In transit from Virginia to Germany, the fuselage bottom had separated from the 1/4″ plywood sled to which I had it attached. The sled held the shape of the fuselage bottom to that of the shape of the bottom contour of the sides of the fuselage. Since I would have to remount the fuselage bottom to its sled so it would be shaped correctly, it follows that I would have to remove it first. So that’s exactly what I did. However . . .
When I pulled the fuselage bottom off of the sled (it took a lot of convincing!) about a 2″ x 3″ sized chunk of foam ripped off of the bottom side of the fuselage and remained on the sled. This foam came off the fuselage right under the pilot’s seat pan where the foam is at one of its thinnest points. It looks as though a fair amount of epoxy soaked through the foam, maybe through a hole, and bonded the foam to the plywood sled underneath. I tried to pull the foam off and reuse it to plug the divot, but it wasn’t coming off without a fight. So I simply cut the hole rectangular and made the same shaped plug to fill it in.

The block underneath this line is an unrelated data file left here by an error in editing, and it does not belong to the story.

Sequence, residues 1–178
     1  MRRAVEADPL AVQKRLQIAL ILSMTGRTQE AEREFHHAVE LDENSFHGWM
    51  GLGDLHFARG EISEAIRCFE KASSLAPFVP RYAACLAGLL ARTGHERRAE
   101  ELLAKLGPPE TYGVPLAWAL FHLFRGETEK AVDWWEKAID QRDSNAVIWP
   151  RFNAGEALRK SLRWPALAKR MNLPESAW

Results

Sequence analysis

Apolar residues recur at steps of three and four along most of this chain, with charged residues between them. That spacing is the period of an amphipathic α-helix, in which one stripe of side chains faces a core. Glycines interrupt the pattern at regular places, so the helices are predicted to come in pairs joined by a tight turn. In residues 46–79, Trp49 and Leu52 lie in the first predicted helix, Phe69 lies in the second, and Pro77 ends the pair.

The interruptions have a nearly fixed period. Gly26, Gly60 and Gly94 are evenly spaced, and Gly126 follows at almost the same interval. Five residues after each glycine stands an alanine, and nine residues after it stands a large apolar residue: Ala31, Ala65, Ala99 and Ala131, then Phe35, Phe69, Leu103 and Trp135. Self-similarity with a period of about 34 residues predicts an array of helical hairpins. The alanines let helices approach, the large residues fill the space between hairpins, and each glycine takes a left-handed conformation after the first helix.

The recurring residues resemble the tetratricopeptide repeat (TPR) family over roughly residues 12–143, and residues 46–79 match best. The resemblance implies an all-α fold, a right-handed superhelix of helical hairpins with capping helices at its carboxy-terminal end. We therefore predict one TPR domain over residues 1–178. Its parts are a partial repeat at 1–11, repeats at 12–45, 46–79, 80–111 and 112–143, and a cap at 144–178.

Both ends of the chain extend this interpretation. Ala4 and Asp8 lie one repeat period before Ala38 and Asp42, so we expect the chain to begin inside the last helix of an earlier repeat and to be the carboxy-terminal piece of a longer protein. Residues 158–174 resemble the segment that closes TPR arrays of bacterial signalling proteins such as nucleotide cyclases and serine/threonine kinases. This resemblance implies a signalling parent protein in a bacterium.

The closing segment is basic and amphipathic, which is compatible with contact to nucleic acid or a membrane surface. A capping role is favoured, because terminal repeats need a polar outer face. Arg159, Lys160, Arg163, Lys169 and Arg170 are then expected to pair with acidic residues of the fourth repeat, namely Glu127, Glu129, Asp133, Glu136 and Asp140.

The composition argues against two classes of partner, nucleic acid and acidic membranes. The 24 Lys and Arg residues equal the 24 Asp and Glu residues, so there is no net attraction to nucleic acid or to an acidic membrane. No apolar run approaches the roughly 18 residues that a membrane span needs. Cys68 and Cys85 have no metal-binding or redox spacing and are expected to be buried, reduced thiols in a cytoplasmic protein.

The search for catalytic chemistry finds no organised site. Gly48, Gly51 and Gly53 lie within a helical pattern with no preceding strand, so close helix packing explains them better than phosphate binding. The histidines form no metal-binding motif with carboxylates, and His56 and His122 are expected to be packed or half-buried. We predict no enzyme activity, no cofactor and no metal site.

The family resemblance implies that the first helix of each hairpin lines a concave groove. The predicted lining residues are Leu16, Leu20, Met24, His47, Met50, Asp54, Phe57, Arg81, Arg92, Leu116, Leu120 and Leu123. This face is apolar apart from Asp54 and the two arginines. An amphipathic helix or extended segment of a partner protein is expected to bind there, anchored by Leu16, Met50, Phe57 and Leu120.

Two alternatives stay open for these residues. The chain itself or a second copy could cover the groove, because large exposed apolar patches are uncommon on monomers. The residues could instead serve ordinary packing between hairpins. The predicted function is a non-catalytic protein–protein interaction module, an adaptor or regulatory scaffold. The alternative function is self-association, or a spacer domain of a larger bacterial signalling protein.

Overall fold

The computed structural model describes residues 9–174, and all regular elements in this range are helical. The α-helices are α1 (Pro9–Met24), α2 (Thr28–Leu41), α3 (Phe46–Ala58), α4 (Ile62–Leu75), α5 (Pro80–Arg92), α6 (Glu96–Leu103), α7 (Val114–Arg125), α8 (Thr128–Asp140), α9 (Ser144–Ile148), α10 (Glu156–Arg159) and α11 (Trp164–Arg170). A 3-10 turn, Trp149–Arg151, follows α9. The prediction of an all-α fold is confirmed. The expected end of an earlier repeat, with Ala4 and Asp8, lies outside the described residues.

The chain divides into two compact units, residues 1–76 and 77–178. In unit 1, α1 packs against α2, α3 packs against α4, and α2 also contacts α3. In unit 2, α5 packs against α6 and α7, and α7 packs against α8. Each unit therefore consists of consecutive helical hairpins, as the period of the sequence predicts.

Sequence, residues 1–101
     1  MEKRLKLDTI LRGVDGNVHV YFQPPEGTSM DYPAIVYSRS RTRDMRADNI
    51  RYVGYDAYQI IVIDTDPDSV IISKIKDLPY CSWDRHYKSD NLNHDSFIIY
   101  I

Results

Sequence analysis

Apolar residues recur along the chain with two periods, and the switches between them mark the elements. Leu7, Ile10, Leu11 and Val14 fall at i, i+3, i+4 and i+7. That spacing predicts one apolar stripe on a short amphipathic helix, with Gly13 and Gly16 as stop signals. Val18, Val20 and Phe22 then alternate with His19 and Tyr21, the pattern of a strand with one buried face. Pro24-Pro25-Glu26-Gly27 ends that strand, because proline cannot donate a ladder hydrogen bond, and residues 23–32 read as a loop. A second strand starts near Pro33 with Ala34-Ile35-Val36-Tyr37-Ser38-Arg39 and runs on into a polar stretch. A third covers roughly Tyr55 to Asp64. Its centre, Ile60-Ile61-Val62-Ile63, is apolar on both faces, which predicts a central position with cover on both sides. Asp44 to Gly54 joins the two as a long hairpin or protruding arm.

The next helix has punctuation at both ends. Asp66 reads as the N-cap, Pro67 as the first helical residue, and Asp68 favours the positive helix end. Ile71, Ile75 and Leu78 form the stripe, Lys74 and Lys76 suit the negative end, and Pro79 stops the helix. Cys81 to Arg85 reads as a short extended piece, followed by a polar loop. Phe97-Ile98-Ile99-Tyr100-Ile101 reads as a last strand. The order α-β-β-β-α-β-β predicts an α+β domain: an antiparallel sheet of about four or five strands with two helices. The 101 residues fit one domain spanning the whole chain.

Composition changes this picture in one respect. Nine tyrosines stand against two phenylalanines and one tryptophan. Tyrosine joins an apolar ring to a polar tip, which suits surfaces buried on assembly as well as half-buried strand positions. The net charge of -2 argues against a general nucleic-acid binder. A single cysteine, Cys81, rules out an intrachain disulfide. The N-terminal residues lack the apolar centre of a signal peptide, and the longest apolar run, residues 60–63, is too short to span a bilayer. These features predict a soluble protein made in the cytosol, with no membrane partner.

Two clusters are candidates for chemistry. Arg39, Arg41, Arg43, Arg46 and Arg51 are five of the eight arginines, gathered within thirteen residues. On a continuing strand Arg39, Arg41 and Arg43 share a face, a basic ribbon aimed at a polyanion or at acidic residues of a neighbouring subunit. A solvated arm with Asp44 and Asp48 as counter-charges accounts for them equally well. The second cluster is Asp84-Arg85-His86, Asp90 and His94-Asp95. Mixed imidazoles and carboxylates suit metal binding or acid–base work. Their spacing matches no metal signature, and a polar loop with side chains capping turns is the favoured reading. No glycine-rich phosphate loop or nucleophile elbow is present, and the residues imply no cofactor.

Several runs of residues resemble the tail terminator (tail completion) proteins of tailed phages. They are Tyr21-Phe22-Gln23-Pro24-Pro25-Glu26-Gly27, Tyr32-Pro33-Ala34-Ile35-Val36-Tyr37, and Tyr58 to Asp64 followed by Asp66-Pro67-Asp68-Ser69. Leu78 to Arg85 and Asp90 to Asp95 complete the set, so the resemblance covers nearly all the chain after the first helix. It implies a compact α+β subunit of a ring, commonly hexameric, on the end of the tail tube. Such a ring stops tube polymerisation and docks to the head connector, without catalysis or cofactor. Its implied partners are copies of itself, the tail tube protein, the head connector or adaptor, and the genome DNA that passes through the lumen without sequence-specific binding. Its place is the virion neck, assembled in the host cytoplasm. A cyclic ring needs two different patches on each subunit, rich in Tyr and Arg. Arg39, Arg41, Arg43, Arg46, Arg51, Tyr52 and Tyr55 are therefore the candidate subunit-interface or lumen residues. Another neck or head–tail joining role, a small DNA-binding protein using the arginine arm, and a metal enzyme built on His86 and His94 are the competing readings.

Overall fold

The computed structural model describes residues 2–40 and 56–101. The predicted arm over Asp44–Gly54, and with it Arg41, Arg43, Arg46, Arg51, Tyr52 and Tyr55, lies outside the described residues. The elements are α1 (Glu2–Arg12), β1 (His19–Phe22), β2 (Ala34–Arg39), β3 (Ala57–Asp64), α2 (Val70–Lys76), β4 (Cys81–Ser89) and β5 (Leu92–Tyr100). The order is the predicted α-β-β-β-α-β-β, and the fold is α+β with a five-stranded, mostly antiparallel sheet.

Once I had shaped the plug to fit the now rectangular divot, I prepped the glass by removing as much of the dead foam, epoxy and micro that I could. I then sanded the showing fiberglass, taking care not to damage the edge of the foam.
Now that the fiberglass was crud-free, I whipped up a batch of micro with just a little flox to add some strength since it’s at such a thin spot of the fuselage. I lathered up both sides with the micro and set the plug in the hole, carefully removing the excess micro that was squeezing out of the seams.
After it was set fairly good, I added some weight to compress the plug, drive out excess micro, and get as lightweight of a repair as possible.
As I mentioned before, micro cures to a bright white. Thus, when you look at the repair from the inside of the fuselage bottom, you can see quite a bright rectangular patch of micro.
You can also see where I cut out the multiple areas of delaminated glass. This will all eventually get covered with more glass to repair, then even another ply or two added over the entire front and back ends (inside) of the fuselage bottom. I also thoroughly sanded the entire front glassed area of the fuselage bottom.
After the plug dried and I performed another round of epoxy injections using a syringe into some small air pockets, I taped the fuselage back down to the sled and prepped the back half of the fuselage bottom for its second “initial” layup!